Returning migrants need to hold on to their personal wealth, but are under pressure to spend it. The extreme outcomes of these opposing forces are expressed via two categories, both ambivalently valued: that of the kallan, a self-interested maximizer cut off from and despised by local society, and the pavam, the innocent good-guy, generous to the point of self-destruction. Unlike Lesotho migrants, who are protected by the ‘bovine mystique’ from putting cattle wealth at others’ disposal, Kerala migrants’ wealth, expressed as cash, stands firmly in the ‘domain of contestation’ – wealth to be fought over (Ferguson 1985: 657).
The prevalent but mistaken perception among villagers of the Gulf as a source of unlimited wealth and the gulfan as beneficiary of quick and substantial profit puts great economic pressures on the migrant. He is under pressure to demonstrate success through being jada (lit. shiny, flashy) and cettu (lit. cutting, i.e. ‘sharp’, fashionable), and by spending lavishly. However, if he starts spending large amounts of money (typically to make major and public improvements to his house) regarded as going above immediate consumption needs, he will be under pressure not only to repay debts incurred to finance his migration but also to fulfil expensive obligations towards close kin and relatives, such as providing for dowries and lending large sums of money.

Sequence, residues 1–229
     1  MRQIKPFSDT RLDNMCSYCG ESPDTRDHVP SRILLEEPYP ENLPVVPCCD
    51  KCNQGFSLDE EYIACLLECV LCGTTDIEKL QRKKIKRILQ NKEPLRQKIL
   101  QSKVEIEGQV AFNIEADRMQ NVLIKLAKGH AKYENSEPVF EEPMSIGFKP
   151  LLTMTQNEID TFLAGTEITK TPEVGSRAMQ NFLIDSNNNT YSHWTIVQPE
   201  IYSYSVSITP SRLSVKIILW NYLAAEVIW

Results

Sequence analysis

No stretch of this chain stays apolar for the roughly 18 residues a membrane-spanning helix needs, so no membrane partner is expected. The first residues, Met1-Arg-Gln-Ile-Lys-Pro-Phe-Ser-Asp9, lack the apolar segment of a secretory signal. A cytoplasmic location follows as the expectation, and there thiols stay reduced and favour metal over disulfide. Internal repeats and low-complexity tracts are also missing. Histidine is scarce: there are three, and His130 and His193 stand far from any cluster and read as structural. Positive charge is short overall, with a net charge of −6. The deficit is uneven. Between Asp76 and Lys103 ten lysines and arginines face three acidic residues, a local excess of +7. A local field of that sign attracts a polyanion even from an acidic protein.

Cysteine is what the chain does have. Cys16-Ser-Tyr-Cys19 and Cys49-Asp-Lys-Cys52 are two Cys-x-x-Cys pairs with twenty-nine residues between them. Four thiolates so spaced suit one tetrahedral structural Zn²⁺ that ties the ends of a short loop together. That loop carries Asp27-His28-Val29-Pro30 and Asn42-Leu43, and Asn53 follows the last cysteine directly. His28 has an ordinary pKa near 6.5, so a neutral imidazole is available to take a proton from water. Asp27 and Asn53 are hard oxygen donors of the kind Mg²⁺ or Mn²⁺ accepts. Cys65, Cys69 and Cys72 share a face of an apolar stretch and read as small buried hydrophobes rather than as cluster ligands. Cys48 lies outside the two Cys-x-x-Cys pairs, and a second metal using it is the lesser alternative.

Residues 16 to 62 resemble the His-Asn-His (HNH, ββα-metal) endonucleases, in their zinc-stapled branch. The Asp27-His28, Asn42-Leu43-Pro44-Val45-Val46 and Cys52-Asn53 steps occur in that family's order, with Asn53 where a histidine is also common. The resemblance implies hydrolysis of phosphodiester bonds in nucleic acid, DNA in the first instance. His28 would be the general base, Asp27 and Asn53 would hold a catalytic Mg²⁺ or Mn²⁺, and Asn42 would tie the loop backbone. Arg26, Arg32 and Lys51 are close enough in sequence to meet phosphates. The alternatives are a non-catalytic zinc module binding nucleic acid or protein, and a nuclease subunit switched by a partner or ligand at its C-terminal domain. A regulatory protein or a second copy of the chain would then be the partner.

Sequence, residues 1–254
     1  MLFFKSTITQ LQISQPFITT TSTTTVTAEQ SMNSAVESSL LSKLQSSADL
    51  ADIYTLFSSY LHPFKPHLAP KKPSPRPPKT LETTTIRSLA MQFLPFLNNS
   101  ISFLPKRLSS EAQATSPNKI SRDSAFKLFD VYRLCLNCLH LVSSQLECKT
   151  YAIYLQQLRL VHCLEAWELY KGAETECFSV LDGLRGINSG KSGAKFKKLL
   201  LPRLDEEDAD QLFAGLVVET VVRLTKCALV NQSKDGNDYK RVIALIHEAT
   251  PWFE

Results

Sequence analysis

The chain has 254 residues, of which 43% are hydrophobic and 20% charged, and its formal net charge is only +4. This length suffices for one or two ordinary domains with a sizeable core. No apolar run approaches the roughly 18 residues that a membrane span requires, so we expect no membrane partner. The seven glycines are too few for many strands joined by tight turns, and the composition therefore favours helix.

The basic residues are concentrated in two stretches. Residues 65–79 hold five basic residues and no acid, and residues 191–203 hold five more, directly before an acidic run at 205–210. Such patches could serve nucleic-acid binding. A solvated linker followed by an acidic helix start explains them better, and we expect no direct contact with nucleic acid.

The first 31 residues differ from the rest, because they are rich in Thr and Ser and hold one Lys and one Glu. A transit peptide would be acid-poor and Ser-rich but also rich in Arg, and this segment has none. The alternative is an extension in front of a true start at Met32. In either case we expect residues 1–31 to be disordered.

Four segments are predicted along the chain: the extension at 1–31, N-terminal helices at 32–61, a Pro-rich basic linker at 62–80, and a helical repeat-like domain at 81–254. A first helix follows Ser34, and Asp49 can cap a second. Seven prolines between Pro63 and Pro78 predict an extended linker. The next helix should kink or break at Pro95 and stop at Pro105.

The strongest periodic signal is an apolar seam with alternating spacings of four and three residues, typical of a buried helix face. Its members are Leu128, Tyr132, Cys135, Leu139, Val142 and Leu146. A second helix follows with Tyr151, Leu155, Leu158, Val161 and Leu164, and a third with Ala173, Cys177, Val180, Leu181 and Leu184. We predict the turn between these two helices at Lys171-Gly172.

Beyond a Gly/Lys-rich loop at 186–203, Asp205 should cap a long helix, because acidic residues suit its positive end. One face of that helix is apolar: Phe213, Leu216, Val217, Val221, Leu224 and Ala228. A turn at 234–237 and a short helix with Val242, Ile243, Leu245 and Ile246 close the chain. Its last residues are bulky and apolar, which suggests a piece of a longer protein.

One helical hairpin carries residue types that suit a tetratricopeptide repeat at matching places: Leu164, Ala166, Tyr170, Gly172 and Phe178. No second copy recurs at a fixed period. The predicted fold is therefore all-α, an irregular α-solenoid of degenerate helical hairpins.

The gulfan faces a dilemma. If he wants to reap full benefit from his newly earned wealth and concentrate on building up reserves of cash and goods for his future household, he must try to avoid social obligations (cf. Sagant 1996:
278 ff.) by claiming financial difficulties, arguing that he has not made enough money as yet, and trying to contain the pressures put on him by bringing back ‘foreign items’ for his relatives, especially to those from whom he had initially borrowed money. He can, of course, use such excuses only within limits, lest people begin to regard his migration as a failure, bringing shame upon him and his family. If demands come from affines, default is less problematic, part of routine behaviour in relation to them, but serious problems can occur when the close circle of direct kin is involved. In respect to them, a breach of the obligation to share one’s fortunes might give rise to disputes, publicly aired, causing the gulfan loss of face and reputation, breakdown of relationships and, eventually, social isolation.